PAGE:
Women with children earn almost a third less than men and still face too many career obstacles, a global trade union said in a report released Monday.
The persistent imbalance in household chores can hurt women's careers, the study of the International Trade Union Confederation concluded. Women with kids earn on average 68 percent of what men make, and overall, women make 74 percent of what men bring in, according to the report.
The report is "a call to action at all levels," Diana Holland, chair of the ITUC's Women's Committee, said in a statement. The publication of the report coincided with the United Nations Day for Women's Rights.
The study said that women with kids more often work part-time than men or women without children, indicating it is hard to combine careers with the demands of a family.
Employers often break laws by paying women less than men and by not giving them enough maternity leave, the report said. Women with kids can also be denied promotions or be illegally asked to take pregnancy tests before being hired, the study found.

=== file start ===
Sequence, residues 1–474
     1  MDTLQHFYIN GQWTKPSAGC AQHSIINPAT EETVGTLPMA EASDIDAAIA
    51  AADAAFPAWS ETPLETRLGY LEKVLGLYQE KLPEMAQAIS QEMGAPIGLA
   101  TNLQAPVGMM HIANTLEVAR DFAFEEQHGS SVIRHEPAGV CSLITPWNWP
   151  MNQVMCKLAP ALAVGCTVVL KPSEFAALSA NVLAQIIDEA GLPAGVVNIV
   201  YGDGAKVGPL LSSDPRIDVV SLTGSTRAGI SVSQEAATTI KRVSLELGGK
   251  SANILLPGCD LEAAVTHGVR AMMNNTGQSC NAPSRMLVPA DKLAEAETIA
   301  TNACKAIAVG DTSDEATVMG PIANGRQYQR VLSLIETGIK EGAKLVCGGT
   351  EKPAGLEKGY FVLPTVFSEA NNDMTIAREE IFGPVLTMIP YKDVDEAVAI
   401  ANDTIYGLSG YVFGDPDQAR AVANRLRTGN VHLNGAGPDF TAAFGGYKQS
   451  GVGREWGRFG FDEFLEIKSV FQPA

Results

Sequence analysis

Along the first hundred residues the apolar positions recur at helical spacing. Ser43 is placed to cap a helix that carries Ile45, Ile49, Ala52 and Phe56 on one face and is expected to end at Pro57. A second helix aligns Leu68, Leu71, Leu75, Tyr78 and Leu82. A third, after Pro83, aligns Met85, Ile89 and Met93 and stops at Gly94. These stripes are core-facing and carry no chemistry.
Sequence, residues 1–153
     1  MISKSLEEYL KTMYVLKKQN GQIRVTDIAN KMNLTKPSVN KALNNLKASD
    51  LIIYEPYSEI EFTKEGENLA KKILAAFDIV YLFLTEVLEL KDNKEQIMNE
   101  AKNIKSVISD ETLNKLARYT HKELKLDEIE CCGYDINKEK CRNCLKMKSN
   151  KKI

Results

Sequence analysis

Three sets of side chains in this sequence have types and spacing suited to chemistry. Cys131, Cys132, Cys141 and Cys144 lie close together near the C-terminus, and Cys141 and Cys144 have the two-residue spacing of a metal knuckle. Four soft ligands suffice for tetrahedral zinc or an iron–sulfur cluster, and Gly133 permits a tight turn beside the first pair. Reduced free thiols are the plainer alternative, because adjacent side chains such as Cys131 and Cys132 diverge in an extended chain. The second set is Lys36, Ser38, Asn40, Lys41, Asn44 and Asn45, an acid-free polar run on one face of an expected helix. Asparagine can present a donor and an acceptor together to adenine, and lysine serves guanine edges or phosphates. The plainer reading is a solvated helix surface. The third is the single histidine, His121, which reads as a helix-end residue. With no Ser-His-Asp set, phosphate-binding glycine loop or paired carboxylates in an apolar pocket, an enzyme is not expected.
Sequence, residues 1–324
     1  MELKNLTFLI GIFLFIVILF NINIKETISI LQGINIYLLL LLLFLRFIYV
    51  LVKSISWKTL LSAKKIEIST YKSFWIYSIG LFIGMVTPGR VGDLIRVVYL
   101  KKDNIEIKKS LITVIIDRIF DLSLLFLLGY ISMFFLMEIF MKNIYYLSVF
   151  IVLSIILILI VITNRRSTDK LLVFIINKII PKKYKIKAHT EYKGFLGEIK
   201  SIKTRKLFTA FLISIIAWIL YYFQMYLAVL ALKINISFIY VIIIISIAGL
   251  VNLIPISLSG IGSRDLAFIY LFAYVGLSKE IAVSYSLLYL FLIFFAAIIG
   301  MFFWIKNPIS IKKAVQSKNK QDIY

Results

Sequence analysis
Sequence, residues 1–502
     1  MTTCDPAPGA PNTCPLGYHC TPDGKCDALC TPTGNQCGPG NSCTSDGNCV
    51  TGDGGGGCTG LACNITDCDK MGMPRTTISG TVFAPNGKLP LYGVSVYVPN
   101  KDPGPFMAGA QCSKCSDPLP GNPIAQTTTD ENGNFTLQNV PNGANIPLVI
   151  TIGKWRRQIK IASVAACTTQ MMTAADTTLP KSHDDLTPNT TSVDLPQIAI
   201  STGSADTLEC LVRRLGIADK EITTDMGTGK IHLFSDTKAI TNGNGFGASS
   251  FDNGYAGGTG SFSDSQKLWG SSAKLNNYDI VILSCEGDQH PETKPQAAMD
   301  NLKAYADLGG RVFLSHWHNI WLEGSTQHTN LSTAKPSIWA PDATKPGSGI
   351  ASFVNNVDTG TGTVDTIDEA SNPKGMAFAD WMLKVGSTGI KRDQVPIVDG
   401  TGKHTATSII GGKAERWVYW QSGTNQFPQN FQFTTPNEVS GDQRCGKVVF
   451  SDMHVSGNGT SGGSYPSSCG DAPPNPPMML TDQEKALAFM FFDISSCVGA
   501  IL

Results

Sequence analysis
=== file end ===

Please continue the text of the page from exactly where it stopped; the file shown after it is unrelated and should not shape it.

Women who work in rural areas or in agriculture are most at risk for unfairness at work. A similar study by the European Union released Friday showed that current European laws are not enough to stem discrimination against women in the workplace.
The study was based on reports from over 40 nations across the world.
The ITUC represents 176 million workers from 155 countries.